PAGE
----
There is an enormous amount of money being spent now on liquid urethane fillers, hoof pads, and other contraptions in an attempt to fix the deficiencies of the standard steel shoe in this regard. In light of the cost of these add-ons, the EponaShoe can become the cheapest way to properly support the frog. The pad and frog support is "built-in" -- you don't have to add it. Well, we do recommend using a small amount of special silicon-based putty around the frog to create the contact between the foot and our shoe (this may cost an extra $2 per foot).
The EponaShoe was also designed from the start to be able to be glued-on rather than nailed. This is just an option - not a requirement. There is additional cost and time associated with the use of glues, but there also appear to be therapeutic benefits. We have been able to deal with a wide variety of situations through the use of the EponaShoe as a glue-on shoe. We continue to use glue for most of our own horses, even though they are totally sound. Attachment by glue spreads the load evenly around the hoof, avoids stress concentration at the nails, and avoids nail damage to the hoof wall. It gets you one step closer to the ideal of just having a protective 'hoof-extension' rather than an artificial shoe.
Committed to Continuous Improvement
Another thing about engineering shoes for horses, or any other product: it is extremely useful to implement a "continuous product improvement" strategy. This simply means that you probably won't get it quite right the first time, so you need to redesign. Then, you'll need to redesign a third time, and so on. In the end, the best products come from continuing redesign and building a company culture of continual product improvement. Our first shoes were called "Model A" and had an "A" on them. Then came model "B", and then "C", and now we are producing shoes marked "C+" or "D". Each new model has improved on the last, and each of these steps required a new set of molds for injection molding the shoes. If you look at our plastic-shoe competitors, their designs have not changed in several years! In some cases, we know for a fact that they have known problemsthat they are electing not to fix because new molds are expensive.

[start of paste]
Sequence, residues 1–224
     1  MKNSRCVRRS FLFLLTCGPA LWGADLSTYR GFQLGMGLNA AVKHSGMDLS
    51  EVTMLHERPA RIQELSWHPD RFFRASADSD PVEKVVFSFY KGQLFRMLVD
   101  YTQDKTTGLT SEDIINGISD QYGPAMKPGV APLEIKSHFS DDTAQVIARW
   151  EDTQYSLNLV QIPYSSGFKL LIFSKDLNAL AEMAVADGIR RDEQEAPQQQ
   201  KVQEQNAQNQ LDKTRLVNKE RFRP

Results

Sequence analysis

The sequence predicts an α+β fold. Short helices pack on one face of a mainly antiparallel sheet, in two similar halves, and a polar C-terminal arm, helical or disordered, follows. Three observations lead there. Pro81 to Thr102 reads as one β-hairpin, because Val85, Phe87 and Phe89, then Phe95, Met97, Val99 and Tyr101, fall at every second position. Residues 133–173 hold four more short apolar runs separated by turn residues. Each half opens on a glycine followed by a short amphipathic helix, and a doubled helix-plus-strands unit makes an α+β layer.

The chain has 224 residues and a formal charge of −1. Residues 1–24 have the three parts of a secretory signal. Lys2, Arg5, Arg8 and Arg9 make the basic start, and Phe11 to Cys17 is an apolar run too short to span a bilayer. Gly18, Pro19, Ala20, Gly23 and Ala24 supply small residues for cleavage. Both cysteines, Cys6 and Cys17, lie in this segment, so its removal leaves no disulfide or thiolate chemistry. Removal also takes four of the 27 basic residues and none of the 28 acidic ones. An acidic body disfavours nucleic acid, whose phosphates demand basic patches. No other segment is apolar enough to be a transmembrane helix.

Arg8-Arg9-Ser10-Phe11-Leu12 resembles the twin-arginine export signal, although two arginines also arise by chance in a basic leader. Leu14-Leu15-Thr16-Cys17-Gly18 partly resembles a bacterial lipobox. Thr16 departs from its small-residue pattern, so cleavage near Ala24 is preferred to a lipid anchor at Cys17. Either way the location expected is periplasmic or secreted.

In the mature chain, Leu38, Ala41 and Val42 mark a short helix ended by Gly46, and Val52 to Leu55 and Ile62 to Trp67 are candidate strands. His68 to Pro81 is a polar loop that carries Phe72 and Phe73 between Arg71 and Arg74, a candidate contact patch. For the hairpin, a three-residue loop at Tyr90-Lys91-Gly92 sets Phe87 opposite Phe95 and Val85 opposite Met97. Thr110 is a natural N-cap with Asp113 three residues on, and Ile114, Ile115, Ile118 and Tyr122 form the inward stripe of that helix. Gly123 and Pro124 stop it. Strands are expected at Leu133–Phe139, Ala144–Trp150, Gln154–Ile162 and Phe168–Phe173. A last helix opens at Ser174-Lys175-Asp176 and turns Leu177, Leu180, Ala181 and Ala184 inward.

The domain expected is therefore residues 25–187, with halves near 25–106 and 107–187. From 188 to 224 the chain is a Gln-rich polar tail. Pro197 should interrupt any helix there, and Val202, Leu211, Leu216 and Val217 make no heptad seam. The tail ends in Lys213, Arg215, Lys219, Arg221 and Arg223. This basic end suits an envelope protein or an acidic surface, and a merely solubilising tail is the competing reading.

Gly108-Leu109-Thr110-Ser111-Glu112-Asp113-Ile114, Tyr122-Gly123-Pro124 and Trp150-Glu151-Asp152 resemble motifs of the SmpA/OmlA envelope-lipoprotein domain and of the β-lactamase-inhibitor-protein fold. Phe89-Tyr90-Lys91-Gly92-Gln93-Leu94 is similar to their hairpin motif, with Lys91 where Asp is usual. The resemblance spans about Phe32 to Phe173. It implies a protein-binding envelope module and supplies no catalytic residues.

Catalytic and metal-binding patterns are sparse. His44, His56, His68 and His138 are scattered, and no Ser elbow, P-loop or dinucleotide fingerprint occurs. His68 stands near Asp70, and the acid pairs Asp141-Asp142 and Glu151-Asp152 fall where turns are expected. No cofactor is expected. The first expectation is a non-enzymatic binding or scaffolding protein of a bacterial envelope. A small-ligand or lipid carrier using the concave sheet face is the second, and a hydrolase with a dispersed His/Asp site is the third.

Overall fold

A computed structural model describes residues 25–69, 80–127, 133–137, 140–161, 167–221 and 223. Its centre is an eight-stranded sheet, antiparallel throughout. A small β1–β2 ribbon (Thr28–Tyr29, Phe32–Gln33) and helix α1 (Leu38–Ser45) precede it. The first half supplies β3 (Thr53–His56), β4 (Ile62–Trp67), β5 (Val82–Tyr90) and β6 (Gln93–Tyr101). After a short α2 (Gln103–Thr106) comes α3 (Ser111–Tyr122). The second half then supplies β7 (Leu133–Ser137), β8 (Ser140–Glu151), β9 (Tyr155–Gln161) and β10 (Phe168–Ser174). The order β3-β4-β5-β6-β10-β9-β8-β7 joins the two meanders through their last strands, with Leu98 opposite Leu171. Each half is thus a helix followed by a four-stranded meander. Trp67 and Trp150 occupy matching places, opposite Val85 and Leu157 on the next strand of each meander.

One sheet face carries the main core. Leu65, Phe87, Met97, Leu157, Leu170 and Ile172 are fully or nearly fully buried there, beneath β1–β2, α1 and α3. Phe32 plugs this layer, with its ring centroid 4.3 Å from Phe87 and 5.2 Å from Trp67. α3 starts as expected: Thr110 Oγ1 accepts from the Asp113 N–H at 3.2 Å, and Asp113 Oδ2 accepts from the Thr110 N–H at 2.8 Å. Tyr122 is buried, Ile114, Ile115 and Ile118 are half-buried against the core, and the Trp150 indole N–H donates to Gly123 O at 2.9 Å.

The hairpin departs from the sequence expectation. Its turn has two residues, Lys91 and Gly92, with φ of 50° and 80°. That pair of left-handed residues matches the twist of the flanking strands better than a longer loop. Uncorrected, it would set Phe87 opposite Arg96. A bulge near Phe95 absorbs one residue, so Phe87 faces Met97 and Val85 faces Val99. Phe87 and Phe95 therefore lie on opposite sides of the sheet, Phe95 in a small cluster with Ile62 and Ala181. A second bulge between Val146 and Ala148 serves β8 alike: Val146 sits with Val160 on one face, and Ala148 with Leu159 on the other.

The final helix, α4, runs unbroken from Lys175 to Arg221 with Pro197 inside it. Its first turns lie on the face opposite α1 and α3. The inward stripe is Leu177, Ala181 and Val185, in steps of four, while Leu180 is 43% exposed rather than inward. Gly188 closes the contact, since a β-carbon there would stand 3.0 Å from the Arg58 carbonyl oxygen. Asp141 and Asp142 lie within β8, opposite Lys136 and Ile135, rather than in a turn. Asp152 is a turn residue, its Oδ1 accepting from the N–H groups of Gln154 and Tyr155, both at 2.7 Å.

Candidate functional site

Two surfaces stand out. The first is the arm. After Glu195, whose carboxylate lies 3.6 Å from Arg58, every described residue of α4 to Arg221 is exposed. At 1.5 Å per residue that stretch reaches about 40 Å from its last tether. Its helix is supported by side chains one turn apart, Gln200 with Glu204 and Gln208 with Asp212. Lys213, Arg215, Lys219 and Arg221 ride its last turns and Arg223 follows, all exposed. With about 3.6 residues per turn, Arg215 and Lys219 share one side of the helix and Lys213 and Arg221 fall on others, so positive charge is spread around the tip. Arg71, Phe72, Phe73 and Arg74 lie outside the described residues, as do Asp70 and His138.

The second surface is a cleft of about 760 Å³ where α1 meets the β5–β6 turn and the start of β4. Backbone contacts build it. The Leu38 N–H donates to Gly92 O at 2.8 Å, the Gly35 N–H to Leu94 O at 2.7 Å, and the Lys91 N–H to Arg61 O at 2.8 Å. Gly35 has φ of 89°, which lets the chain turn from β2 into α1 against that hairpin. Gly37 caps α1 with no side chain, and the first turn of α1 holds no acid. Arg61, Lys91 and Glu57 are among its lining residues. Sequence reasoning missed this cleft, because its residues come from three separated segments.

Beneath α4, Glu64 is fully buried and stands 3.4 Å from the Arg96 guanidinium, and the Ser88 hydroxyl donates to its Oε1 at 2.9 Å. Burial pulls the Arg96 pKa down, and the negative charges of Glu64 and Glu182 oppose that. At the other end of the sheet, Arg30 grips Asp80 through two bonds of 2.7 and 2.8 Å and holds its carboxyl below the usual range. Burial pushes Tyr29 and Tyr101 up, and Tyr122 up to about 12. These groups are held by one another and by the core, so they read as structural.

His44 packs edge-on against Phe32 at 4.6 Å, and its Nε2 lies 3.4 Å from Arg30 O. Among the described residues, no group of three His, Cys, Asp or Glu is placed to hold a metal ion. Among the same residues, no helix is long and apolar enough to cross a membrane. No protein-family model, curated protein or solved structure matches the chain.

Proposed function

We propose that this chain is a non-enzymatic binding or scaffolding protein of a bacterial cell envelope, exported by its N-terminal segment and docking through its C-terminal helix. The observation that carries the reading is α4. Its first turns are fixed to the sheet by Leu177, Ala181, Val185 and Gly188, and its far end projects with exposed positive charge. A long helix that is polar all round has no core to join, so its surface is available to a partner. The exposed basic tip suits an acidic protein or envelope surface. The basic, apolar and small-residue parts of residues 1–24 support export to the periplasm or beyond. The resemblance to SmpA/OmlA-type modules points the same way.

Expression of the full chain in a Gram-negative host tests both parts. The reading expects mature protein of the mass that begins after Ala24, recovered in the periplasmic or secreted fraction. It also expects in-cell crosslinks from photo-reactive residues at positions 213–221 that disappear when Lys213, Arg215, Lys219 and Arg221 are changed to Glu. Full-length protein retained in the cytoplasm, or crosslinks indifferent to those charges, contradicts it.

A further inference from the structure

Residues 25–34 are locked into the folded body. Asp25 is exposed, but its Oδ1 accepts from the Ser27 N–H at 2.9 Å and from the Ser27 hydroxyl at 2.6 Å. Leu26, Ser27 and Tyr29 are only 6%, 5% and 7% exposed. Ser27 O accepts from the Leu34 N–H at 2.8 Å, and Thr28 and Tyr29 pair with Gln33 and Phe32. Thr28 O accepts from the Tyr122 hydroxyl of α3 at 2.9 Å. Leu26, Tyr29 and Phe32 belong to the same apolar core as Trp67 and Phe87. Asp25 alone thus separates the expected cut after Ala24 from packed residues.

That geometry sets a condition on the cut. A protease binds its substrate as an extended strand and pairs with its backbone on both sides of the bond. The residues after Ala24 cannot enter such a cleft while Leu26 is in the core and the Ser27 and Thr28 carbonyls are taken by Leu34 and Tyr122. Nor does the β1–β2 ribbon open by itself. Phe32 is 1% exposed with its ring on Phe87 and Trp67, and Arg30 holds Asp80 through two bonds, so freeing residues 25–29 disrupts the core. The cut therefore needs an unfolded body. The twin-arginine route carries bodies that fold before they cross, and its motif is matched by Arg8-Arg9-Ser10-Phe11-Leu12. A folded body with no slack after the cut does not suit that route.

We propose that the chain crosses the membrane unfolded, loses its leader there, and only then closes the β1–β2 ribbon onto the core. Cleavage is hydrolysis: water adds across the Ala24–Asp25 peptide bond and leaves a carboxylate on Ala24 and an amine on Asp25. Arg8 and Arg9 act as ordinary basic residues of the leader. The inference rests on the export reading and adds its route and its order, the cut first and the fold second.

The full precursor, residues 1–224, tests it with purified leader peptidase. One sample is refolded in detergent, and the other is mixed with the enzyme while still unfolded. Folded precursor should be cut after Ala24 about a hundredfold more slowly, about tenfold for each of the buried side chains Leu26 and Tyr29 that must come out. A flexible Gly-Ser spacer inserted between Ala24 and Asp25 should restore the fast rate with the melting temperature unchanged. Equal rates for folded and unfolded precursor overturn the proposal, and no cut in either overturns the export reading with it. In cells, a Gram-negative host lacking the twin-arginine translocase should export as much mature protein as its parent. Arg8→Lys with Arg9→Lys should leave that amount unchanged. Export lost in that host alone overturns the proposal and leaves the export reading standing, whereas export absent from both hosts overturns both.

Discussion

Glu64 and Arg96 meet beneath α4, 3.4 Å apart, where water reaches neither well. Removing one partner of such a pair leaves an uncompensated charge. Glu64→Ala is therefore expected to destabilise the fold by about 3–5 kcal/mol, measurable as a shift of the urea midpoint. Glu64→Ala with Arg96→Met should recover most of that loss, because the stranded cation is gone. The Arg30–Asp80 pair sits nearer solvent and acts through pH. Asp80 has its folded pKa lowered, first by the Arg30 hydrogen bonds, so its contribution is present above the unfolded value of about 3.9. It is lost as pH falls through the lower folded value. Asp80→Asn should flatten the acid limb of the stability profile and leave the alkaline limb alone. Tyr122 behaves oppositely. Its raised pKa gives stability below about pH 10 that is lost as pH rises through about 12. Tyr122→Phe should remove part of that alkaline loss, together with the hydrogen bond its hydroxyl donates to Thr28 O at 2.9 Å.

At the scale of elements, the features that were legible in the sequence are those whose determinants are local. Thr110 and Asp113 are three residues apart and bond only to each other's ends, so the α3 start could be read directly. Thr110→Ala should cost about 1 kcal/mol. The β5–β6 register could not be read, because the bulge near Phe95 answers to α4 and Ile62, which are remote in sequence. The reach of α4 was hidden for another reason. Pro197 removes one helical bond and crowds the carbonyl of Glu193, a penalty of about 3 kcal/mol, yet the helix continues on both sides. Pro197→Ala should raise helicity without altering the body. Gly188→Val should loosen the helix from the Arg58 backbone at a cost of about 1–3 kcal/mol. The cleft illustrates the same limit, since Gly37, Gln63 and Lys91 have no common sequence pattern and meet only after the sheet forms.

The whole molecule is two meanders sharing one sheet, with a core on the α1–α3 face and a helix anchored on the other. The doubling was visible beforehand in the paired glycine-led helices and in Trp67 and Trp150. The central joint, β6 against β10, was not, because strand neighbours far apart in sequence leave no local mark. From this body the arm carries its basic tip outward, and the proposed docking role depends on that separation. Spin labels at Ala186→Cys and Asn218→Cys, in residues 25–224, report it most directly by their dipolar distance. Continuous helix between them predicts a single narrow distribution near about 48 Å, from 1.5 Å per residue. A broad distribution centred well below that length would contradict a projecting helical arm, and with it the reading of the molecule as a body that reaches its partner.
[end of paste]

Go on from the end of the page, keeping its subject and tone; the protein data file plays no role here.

Another engineering aspect of note is that we are a sister company to EponaTech which produces software for veterinarians and farriers for measuring the hoof and keeping track of changes. Because of that connection, when we laid out our shoe shapes and sizes, we did so with the help of a database of more than 3,000 calibrated and measured images of hooves. This means our sizes fit horses pretty well, and the exact details of how large the frog support portion of the shoe is, where the nail holes are placed, and a dozen other details were designed in the context of a lot of real-world data. I'm sure that sort of input has not been available to other horseshoe designers.